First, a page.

Association officials said that a proposal released today by the Deficit Commission to increase investments in highways, bridges and transit system construction provided some room for optimism. They urged Congress to embrace the transportation proposal, noting it would help the economy over the long run while giving a much-needed boost to short term construction demand.

“The best way to reduce the deficit and simultaneously support a strong and expanding economy is to invest in our aging network of highways, bridges and transit systems,” said Stephen E. Sandherr. “Even as the broader report calls for dramatic reductions in federal spending, it is clear that our country can’t afford to neglect its infrastructure.”

Nonresidential Construction Spending Dips In September

Nonresidential Construction Spending Dips In September 2010

While total construction spending edged up in September, private nonresidential construction slipped 1.6 percent, according to a report by the U.S. Census Bureau.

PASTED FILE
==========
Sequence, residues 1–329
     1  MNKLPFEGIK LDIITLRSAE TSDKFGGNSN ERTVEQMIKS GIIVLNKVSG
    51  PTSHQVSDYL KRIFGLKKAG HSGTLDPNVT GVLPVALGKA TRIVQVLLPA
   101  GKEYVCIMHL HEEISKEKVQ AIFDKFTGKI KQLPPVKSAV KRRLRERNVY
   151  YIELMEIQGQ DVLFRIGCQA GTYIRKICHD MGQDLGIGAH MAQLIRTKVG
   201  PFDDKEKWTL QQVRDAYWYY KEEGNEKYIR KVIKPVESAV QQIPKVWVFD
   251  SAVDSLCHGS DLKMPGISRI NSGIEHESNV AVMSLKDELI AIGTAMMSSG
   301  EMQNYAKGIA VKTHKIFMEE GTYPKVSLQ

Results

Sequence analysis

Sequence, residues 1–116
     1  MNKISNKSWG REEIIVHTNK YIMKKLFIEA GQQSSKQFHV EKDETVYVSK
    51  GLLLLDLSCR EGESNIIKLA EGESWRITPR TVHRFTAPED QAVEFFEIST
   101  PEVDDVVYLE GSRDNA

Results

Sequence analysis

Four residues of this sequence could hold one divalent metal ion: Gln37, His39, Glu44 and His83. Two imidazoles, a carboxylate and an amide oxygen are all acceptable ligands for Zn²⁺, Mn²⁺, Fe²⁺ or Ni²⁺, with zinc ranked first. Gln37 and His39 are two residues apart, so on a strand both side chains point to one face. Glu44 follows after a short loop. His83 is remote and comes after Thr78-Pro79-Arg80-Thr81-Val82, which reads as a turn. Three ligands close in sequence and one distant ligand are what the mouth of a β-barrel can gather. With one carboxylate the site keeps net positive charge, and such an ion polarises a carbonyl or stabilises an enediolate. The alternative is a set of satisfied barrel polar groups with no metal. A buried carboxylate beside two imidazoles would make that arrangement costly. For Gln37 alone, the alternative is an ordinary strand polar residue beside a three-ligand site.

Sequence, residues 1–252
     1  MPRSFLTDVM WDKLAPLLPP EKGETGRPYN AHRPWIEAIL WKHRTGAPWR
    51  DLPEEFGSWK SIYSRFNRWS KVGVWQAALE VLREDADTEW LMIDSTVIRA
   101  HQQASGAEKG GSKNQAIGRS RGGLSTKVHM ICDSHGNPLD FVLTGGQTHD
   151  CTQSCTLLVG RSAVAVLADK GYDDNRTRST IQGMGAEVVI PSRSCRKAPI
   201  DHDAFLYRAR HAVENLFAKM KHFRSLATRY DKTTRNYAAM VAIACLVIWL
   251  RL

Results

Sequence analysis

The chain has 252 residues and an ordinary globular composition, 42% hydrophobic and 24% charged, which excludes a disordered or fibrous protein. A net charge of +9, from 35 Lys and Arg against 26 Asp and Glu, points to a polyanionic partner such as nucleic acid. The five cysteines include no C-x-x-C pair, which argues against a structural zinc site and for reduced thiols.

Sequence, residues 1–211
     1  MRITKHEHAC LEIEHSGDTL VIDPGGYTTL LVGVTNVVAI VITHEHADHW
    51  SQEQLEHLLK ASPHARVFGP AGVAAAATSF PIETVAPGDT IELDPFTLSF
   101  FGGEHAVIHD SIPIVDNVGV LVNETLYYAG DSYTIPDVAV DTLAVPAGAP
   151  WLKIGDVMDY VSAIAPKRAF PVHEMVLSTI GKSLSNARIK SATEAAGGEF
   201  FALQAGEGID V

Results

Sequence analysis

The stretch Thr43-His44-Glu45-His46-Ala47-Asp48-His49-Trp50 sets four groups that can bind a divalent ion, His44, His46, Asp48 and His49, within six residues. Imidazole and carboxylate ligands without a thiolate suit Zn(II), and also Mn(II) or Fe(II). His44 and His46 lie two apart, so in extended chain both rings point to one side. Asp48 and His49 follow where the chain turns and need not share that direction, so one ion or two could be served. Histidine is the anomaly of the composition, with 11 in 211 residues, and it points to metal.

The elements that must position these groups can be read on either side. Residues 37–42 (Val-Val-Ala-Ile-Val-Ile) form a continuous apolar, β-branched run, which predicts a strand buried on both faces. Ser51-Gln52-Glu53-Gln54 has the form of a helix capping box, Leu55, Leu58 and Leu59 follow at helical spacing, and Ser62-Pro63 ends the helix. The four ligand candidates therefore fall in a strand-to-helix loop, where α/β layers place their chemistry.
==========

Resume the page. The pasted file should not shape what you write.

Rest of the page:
On a year-over-year basis, private nonresidential construction spending is down 24.6 percent. Meanwhile, total nonresidential construction spending – which includes both privately and publicly financed projects – was flat for the month and is down 12.4 percent from September 2009, and now stands at $559.6 billion on a seasonally adjusted annual rate.

Construction subsectors posting the largest monthly decreases were lodging, down 7.8 percent; manufacturing, 3.5 percent lower; and conservation and development-related construction, down 3.1 percent. Those subsectors suffering the biggest losses from the same time last year include lodging, down 53 percent; manufacturing, down 35.5 percent; and office construction, 24.5 percent lower.

In contrast, 9 of 16 nonresidential construction subsectors posted spending increases from the previous month led by transportation, up 4.1 percent; health care, 1.8 percent higher; office, up 1.6 percent; and amusement and recreation-related construction, up 1.6 percent. Five subsectors are up, compared to the same time last year, including conservation and development, up 25.5 percent; sewage and waste disposal, 13.9 percent higher; and water supply construction, up 7.7 percent.